Patrick Grant had said pre-show this collection was inspired by the portraits of scarecrows by British photographer Peter Mitchell. Yet anyone anticipating a straw-strewn Savile Row interpretation of Worzel Gummidge had their hopes dashed. Grant is far too meticulous for that.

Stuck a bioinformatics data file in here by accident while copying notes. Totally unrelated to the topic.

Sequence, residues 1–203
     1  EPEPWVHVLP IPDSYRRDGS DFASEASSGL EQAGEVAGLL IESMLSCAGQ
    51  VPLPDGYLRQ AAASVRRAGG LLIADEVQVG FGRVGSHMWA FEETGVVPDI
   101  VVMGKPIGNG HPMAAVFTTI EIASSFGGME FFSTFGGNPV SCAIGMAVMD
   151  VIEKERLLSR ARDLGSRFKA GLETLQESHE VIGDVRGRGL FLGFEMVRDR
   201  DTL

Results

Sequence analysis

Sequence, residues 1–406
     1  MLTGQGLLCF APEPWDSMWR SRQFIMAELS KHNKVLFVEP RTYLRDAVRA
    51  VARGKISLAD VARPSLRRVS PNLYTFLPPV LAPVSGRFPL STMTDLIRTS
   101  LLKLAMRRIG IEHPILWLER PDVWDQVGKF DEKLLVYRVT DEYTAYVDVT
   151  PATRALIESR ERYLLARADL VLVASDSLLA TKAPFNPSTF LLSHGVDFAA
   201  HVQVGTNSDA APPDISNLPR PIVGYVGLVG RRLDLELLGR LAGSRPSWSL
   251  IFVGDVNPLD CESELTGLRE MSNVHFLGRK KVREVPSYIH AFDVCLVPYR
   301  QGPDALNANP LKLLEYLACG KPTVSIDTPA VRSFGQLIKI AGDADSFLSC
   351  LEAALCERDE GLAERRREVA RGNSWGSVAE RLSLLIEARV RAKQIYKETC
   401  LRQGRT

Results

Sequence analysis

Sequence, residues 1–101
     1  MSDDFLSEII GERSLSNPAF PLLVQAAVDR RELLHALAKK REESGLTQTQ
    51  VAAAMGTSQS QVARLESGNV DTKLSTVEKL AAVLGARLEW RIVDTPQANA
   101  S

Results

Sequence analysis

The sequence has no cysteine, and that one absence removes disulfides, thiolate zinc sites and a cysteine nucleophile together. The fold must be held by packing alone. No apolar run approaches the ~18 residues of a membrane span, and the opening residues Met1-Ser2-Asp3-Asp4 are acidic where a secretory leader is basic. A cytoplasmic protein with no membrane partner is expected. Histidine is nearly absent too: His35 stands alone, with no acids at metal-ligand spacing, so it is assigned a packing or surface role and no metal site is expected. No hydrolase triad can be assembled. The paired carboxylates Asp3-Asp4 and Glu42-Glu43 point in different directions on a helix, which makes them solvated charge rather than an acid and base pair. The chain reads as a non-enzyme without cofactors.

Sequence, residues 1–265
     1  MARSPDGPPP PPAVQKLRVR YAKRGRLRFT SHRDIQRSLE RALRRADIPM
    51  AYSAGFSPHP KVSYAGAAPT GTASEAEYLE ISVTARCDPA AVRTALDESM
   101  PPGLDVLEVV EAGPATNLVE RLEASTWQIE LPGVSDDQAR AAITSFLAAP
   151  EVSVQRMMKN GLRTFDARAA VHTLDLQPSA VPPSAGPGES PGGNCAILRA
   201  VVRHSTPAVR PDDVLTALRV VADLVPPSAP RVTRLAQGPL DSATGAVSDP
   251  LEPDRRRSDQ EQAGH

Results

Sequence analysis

The only fleeting concession to raggle-taggleness was when a flannel or micro corduroy collar demanded a referendum on whether to stay in or out of the round-necked sweater worn around it. This was the sole speck of scruff in a collection whose every detail, down to the carefully carefree arrangement of layered, popper-attached collarless shirting, was styled with complete precision. A far more consistent theme than scruffiness was rusticity. Jumbo corduroy trousers in navy, faded check overcoats in cereal-pasture beige, loose suiting in russet flecked olive with wide, pleated, pressed-crease pants, and the odd anorak were distant relations to the garments (very well-dressed) British farmers might have outfitted their hay men with (in a world imagined by Grant). These were dreamy country clothes: fantasy Cirencester chic. But not from now. The proportions—loose, wide, flowing, but controlled too—along with the wide-aperture spectacles worn by the models, plus a blast of “Tonight, Tonight, Tonight” on the soundtrack combined to conjure the ’80s. Giorgio Armani-scale tailoring plus that rural Land Rover and wet dog smell aesthetic whispered Sloane Ranger: This was a Conservative Central Office researcher working weekends aesthetic. As Grant said afterward, here was a collection full of formally sourced clothing created to be worn informally: soft power suiting.

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